From utilitarian arrowheads to beautiful stone effigy pipes to ornately-carved shell disks, the photographs and drawings in Sun Circles and Human Hands present the archaeological record of the art and native crafts of the prehistoric southeastern Indians, painstakingly compiled in the 1950s by two sisters who traveled the eastern United States interviewing archaeologists and collectors and visiting the major repositories. Although research over the last 50 years has disproven many of the early theories reported in the textawhich were not the editors' theories but those of the archaeologists of the dayathe excellent illustrations of objects no longer available for examination have more than validated the lasting worth of this popular book.aquot;The most important food animal was the deer, and deerhide probably formed the most important single material entering into native ... Parts of the horns and bones were made into needles, and the brains were employed in tanning skins.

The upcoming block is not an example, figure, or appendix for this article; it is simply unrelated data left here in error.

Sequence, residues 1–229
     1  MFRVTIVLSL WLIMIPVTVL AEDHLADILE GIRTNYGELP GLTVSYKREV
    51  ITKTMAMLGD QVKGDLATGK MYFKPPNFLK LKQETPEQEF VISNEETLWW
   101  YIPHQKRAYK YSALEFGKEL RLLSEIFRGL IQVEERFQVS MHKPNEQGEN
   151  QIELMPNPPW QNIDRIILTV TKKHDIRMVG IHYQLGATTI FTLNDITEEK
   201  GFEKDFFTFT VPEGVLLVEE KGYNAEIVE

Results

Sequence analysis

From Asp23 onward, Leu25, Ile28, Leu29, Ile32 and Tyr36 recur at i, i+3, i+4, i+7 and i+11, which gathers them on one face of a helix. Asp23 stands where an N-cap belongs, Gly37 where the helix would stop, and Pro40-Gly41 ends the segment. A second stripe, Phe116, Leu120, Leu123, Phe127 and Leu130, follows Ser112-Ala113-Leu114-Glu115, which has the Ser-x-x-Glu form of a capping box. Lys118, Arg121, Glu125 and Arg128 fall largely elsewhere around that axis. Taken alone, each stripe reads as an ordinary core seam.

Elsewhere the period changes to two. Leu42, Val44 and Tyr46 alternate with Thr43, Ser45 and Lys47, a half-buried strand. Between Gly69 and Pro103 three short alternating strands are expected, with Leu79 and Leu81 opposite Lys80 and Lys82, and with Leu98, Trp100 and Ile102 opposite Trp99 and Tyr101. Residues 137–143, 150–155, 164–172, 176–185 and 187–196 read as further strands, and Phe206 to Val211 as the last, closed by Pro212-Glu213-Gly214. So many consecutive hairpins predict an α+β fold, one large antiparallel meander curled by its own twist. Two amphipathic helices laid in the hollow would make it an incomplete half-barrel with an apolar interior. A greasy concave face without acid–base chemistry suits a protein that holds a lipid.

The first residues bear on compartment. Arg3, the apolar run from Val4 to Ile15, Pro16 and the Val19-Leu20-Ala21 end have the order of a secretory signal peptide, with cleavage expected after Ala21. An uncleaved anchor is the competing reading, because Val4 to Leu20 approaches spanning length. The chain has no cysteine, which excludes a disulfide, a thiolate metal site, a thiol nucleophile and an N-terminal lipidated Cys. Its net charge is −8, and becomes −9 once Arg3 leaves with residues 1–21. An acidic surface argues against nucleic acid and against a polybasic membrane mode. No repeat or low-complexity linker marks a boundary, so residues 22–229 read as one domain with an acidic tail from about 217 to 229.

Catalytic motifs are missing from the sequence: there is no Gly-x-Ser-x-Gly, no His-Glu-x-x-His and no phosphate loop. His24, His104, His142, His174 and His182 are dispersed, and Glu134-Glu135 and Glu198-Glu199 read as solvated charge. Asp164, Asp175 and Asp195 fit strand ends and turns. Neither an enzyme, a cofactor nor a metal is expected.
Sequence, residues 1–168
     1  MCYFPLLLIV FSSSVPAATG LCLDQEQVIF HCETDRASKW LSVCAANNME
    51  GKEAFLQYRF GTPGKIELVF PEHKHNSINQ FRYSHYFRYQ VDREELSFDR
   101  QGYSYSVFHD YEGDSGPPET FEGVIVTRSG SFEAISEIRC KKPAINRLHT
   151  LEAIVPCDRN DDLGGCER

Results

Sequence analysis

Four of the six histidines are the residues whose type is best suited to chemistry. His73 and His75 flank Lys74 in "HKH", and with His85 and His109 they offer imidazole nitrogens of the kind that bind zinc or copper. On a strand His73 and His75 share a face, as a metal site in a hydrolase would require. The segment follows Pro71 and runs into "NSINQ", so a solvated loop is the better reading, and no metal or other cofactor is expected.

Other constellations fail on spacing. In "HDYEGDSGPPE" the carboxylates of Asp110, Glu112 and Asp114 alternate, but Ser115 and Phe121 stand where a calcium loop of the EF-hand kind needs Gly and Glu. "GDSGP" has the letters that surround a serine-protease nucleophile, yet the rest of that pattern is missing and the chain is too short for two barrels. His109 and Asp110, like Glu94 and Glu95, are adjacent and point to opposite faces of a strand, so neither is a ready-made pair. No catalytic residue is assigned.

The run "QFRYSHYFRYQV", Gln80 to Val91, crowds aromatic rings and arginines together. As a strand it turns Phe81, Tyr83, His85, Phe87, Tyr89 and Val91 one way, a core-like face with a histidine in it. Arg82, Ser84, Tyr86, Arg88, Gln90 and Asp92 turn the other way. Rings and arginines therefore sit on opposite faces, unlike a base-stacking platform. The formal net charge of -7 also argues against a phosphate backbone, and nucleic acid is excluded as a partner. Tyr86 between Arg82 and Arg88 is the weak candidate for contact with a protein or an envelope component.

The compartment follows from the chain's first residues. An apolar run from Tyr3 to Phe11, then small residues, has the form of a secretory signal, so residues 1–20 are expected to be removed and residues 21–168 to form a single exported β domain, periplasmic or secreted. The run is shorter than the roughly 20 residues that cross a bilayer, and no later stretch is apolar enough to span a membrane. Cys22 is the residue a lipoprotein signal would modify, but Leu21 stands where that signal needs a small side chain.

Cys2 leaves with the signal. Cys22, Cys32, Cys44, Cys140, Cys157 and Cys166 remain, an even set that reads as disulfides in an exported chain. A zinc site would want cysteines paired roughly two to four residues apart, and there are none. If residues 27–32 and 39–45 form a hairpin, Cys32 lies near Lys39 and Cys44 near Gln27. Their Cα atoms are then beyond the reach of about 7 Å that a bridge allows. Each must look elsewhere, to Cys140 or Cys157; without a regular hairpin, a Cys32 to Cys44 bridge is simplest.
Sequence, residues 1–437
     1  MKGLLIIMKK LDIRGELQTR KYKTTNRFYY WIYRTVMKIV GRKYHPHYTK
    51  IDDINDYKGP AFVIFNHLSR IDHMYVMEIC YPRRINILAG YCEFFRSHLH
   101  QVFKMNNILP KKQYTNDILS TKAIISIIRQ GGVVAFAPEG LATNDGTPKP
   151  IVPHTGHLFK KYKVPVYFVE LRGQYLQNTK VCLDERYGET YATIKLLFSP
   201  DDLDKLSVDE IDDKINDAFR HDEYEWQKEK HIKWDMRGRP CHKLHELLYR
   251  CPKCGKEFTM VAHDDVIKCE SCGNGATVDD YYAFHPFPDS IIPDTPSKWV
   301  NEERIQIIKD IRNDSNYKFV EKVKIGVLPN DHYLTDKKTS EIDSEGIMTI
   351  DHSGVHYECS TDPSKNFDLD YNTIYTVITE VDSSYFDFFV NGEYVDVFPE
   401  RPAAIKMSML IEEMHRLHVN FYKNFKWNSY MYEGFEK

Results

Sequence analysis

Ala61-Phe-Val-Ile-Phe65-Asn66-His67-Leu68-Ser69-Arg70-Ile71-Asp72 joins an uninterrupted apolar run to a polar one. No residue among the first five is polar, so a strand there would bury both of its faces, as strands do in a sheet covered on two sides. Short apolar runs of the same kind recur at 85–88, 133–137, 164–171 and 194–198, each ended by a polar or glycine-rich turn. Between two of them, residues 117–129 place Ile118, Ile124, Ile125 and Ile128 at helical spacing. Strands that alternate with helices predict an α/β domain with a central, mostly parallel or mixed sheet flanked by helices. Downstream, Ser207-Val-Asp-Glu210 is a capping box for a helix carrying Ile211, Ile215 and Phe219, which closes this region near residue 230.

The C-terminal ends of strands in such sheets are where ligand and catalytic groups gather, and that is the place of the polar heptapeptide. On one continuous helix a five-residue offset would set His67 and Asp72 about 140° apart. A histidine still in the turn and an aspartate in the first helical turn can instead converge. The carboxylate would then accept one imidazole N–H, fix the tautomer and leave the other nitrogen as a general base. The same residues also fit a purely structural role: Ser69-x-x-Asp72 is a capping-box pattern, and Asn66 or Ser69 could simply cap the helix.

|Title||:||Sun Circles and Human Hands|
|Author||:||Emma Lila Fundaburk, Mary Douglass Fundaburk Foreman|
|Publisher||:||University of Alabama Press - 2001-02-22|